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Why are Rotten Tomatoes scores getting steadily higher every year?

Photo: Alberto E. Rodriguez (Getty Images)

Proving once and for all that movies are better than ever—and everything is fine—a movie marketing consultant has released a new dataset this week, claiming that scores on internet review aggregator Rotten Tomatoes have been climbing, slowly but steadily, for the last 10 years or so. According to consultant David A. Grosswho provided a chart of his findings to Deadline—that sudden series of small jumps comes after they’d stayed stable for the roughly 10 years before that, moving from an average of 46.6 “Fresh” in 2010 to 57.2 percent last year.

So, what’s up? A cynic might suggest that the recent upswing could be tracked somehow back to the site’s purchase by Fandango, which has an obvious vested interest in goosing ticket sales. They only bought the company in 2016, though, well after the rise began, and have (as far as we can tell) relatively few ways of influencing a movie’s score. Deadline notes that a major uptick between 2017 and 2018—jumping from 54.3 to 57.2 Fresh—probably stems from a deliberate effort to expand the pool of critics the site draws from, leading to more diverse voices having an impact on a movie’s score. And then there’s always this dim possibility: Maybe movies in 2018 really were just better than films from 2010?

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Because there’s literally nothing we’d rather do on a Friday night than dig through big sets of movie review data, we actually conducted an unofficial little survey of whether our own tastes have suffered a similar drift over the last decade or so. As it turns out, though, our ratings have actually gotten slightly harsher, if anything; The A.V. Club reviewed 349 movies in 2010, labeling 185 of them “Fresh” by Rotten Tomatoes’ metrics, which gauge anything we give a B- or better as a recommendation. In 2018, meanwhile, we reviewed 366 movies, and dubbed 191 of them worthy of the big red ‘mato. That’s a 53 percent rating in 2010—well above the RT average, interestingly enough—and a 52.1 last year, now lagging behind the current boom being reported on by Gross. (Also, it’s kind of weird that both years played host to middling Predator movies and films about Mark “Marwen” Hogancamp, although we did like 2010's documentary Marwencol a whole lot more than the recent Robert Zemeckis film.)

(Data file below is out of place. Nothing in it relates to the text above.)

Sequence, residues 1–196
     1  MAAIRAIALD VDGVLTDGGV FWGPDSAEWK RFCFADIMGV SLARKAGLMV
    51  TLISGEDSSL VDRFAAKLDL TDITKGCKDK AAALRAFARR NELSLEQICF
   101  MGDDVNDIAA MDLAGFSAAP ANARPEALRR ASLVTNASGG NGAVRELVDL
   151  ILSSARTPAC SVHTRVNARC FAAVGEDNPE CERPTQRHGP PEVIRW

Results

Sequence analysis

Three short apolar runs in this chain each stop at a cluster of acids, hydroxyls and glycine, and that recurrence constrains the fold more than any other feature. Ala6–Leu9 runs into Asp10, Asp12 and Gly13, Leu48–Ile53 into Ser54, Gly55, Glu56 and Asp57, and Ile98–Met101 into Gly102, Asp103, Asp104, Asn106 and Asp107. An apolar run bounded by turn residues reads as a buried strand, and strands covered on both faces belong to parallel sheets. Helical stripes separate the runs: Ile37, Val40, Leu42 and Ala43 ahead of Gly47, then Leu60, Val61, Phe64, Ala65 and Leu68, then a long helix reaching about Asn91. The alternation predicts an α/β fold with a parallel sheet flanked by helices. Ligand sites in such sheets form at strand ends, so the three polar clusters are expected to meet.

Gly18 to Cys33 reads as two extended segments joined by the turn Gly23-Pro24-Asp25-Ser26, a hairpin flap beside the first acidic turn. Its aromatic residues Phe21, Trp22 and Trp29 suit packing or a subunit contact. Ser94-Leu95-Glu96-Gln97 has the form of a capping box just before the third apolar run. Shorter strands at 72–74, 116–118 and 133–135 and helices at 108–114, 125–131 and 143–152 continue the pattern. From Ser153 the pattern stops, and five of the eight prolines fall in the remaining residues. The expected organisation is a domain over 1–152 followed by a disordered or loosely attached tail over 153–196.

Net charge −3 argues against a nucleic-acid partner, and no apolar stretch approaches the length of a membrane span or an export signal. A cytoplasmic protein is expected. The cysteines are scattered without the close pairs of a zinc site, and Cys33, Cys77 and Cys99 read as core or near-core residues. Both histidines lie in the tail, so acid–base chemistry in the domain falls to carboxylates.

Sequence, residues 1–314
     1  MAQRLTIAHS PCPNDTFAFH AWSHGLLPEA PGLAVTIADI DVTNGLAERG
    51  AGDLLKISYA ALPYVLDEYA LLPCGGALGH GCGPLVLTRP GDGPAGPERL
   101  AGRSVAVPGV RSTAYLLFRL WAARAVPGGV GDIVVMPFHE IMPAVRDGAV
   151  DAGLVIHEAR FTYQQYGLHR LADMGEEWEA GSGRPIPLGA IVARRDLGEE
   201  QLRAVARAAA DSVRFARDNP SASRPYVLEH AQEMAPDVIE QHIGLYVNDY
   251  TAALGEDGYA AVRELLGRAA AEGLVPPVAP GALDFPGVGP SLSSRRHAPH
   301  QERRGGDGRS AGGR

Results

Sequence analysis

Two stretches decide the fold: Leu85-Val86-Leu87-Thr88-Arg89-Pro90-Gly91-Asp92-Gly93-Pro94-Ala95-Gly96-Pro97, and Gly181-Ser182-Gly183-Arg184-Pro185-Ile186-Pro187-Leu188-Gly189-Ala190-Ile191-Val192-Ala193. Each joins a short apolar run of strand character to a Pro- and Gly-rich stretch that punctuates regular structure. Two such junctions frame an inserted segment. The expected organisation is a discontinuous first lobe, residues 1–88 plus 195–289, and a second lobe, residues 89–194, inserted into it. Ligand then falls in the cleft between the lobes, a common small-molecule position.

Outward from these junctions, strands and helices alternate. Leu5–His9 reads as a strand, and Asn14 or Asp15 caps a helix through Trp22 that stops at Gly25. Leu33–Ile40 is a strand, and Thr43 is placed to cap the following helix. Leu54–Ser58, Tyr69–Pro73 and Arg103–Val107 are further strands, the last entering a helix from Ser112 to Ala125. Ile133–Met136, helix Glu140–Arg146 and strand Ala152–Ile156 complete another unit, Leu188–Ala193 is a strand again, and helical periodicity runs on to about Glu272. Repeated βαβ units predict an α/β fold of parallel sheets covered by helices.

In any case, it suggests that, at least by our standards, the average quality of films hasn’t really changed much during the period in question. (To be fair, though, we didn’t look at average grades, just “freshness,” because we didn’t want to be doing this on Saturday morning, too. So it’s hard to say if there were more As than Bs, or C+s vs. C-s, in any given year.) That specific metric matters, though, because like it or not, the Tomatometer matters; studios believe wholeheartedly that the aggregator’s rating influences ticket sales, to the point that they sometimes deliberately try to game the system by doing things like limiting early critic access to only the most favorably inclined of minds (or to nobody at all, if they’ve got a real stinker on their hands). 

There’s no definitive answer as to why that score might have been drifting up since 2010. Ultimately, it’s a measurement of both a), what critics are saying about movies, and b), which reviewers the site itself deigns to ask. There’s all sorts of extra data that would make this easier to suss out, things like “Are specific reviewers becoming more favorable, or are favorable reviewers being added to the pool?” and “How much of the uptick comes from adding voices more comfortable evaluating movies aimed at minority markets?” We don’t have that data in front of us, unfortunately. But you can be damn sure the studios are desperate to get their hands on it, if they aren’t already gleefully devouring it in their latest efforts to figure out how this newest system of Hollywood dominance works.

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